A week of mid-summer Madness for the Secret Racegoer
Racehorses and racegoers, including the Secret Racegoer, endured sky-high temperatures at the track last week, and it was appropriate that Windsor’s Monday evening fixture was a Caribbean themed Rum n’ Reggae night.
A dark rum and a pint or two of the dark stuff were not the most sensible ways of taking on fluids in the heat, and a rather quiet Tuesday was consequently had by the Secret Racegoer.
As temperatures rose, Wednesday’s evening fixture at Sandown ended with mid-summer madness – the ever-youthful ska band Madness, who hit the charts in the mid-eighties, and who were now performing in something close to the mid-eighties.
After some 45 minutes of watching Madness, it was time for one couple of racegoers to head back to the car park and onwards to home, possibly humming to themselves “Driving In My Car”, or maybe thinking of their destination and singing “Our House Is A Very Nice House”.
Unfortunately, as they crossed the track, Sandown’s sprinklers burst into action and they were both drenched. It’s not clear if “Baggy Trousers” came to mind or if “The Sun And The Rain” struck a chord. Either way, “House Of Fun” was probably inappropriate.
The next day, Southwell tried to beat the heat and began proceedings at 11.25, with an early finish at 2.30. Whether or not it was wise to hold a jumps meeting in such circumstances (80% in a Racing Hub Twitter poll thought not), the last two races were abandoned.
It was also debatable if late July was the right time to hold a pantomime-horse race, but in the blistering heat participants lined up to take part in Sandown’s unseasonal event. It also seemed unnecessary that the competitors were left standing a long while at the start for the race to get underway.
Commentator Mike Cattermole was getting slightly agitated at the delay, although it was not clear if this was down to concerns about pantomime animal welfare or more pressing matters.
Three days later, and torrential rain forced the late abandonment of Uttoxeter’s summer jumps fixture. The “Sun And The Rain” indeed.
The heat was expected to cause rail travel problems and, on Thursday, the wife of one racegoer was stuck in Yorkshire with seemingly no way of getting home to London. This meant her husband could take a leisurely journey home from the races, via a Battersea pub, as his trains were running to schedule.
Fortunately, his wife was able to get on board one of the few trains heading back to London. Less fortunate was the husband, as his trains home were now disrupted and the fear set it in that he could now be beaten home by his wife.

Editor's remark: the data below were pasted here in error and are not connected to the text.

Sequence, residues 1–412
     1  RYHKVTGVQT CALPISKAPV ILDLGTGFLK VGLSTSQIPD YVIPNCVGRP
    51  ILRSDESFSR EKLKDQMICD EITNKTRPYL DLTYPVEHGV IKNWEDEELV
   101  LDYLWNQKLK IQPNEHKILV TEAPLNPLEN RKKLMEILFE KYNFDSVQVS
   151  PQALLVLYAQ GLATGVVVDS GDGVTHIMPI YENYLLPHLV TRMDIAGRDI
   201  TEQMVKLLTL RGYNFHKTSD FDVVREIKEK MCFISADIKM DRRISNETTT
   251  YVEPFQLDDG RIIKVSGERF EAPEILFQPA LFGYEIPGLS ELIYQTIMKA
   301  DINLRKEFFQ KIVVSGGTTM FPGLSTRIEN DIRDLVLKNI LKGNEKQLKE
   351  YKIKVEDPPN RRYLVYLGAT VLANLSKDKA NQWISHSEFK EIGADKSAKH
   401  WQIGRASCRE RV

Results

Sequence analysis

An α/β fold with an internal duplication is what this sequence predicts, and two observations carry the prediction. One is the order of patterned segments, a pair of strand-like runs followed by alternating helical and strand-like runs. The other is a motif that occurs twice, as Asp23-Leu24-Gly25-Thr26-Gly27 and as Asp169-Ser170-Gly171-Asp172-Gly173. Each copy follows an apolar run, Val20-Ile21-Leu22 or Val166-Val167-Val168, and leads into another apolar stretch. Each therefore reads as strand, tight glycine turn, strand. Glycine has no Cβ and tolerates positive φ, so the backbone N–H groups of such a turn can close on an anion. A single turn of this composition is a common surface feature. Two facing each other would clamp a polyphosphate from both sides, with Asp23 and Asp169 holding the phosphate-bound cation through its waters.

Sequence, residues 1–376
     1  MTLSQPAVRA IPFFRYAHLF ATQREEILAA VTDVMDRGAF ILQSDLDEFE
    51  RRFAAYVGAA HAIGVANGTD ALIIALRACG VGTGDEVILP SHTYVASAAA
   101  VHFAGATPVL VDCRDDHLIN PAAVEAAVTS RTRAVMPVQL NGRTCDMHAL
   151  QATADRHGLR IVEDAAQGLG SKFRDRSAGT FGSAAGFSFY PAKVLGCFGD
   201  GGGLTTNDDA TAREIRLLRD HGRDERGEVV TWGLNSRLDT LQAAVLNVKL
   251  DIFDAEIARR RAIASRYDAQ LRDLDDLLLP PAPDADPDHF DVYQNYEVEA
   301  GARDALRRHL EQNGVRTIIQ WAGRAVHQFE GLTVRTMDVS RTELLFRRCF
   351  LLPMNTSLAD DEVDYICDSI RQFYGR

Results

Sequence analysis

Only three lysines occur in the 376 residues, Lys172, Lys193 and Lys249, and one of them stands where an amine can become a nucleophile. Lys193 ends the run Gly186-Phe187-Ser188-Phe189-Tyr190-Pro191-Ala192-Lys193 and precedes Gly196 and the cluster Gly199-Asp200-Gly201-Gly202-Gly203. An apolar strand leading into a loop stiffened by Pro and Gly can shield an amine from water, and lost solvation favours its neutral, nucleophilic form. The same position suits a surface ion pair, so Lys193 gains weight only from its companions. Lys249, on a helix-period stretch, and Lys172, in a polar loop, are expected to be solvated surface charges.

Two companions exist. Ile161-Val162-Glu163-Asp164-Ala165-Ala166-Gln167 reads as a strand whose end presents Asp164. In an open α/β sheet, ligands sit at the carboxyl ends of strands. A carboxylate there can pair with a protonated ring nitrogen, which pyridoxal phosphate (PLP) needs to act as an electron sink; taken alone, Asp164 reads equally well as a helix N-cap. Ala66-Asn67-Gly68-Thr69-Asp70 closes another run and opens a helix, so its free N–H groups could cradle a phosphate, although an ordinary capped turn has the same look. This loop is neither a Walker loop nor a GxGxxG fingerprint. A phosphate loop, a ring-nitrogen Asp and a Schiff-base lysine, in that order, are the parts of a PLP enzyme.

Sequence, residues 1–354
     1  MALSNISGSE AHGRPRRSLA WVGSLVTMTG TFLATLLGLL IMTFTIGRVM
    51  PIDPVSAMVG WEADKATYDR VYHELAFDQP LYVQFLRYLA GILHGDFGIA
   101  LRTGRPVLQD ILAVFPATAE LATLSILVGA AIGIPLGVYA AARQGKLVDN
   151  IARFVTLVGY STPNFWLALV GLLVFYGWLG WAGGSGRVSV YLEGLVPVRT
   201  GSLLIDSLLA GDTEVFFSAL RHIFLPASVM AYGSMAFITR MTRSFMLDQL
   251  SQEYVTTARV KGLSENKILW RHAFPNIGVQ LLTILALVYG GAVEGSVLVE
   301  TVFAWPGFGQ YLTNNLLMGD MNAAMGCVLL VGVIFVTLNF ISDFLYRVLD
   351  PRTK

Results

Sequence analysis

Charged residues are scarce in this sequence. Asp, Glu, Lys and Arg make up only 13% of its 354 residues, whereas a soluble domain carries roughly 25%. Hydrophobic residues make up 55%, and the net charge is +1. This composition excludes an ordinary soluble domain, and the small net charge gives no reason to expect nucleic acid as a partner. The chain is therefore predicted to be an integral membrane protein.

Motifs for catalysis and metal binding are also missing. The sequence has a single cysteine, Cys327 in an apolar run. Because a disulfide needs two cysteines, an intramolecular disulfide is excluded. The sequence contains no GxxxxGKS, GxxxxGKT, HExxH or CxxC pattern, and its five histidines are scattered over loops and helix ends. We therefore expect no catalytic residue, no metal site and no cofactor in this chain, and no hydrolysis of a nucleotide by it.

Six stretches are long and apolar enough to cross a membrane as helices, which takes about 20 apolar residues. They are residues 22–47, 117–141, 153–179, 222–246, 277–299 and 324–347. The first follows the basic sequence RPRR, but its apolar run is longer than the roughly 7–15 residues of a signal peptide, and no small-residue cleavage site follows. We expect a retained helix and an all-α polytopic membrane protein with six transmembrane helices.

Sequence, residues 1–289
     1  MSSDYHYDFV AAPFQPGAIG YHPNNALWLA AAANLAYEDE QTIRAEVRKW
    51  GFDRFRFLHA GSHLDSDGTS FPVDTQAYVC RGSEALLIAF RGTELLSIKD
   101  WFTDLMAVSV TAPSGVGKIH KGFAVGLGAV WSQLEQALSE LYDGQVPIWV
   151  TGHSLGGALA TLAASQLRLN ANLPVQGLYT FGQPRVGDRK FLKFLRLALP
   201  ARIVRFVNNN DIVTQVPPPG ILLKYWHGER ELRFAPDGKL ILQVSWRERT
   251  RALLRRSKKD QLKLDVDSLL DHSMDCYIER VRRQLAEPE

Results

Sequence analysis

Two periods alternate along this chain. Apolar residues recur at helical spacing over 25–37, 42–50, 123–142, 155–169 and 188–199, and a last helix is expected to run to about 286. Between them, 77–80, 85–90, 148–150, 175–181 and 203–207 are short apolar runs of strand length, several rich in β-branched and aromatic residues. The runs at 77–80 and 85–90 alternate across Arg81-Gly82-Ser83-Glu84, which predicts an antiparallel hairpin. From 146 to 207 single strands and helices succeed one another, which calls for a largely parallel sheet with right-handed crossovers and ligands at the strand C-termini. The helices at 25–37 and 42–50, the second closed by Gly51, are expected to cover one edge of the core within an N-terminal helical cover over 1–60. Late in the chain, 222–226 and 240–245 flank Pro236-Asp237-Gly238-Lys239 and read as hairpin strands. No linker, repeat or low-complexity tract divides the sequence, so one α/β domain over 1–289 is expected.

The Secret Racegoer will find out at Goodwood if “It Must Be Love” is still a suitable anthem.
The weather was not to blame for train disruption for racegoers heading to Saturday’s King George at Ascot from Waterloo. A broken down train was one of the issues which led to late arrivals at the Berkshire track.
Braced for bad news
The Secret Racegoer was on an earlier train but was still disconcerted by the following on-board message:
“Ladies and gentlemen, this is the guard speaking. I have an important announcement to make, so please listen carefully.” Passengers braced themselves for bad news. He went on “A young lady has suffered a wardrobe malfunction. If there is anyone on board who has a safety-pin, can they please come and find me.”
The young lady might have thought the Madness song “Embarrassment” was in tune with her predicament. Others may have considered “Shut Up” somewhat applicable. Apparently, more than one safety-pin was forthcoming, but it’s not known if it was the guard who carried out the necessary repairs.
There was nothing mad about Enable winning the King George VI and Queen Elizabeth Stakes. It was magnificent.
The Secret Racegoer was fortunate to be present at Ascot in 1975, when Grundy and Bustino eyeballed each other up the straight in that epic tussle. As the pair crossed the line, with Grundy prevailing, the knees almost genuflected in rhythm as the horses passed the winning post with their respective pulsating do-or-die final effort.
The memory of saying “Wow” still resonates. It’s also a memory assisted by racing photographer Gerry Cranham who took an iconic picture from high in the Ascot grandstand as the two combatants flashed past the post. It captured, in a split-second, the “race of the century”.
On Saturday, there was another lasting aide to remember this century’s titanic battle between Enable and Crystal Ocean. Simon Holt’s racecourse commentary not only captured the moment of a split-second, but the whole two-and-a-half minutes of unfolding action.
He knew he was witnessing a remarkable race, just as Cliff Morgan knew he was describing one of rugby’s greatest tries ever when the Barbarian’s went from one end of the Cardiff pitch to another to go over the line against the All Blacks in 1973.
Enter “that try” into a search engine, and you’ll see on You Tube a great sporting moment. Enable v Crystal Ocean is worthy of a similar, simple description, accompanied by another brilliant soundtrack.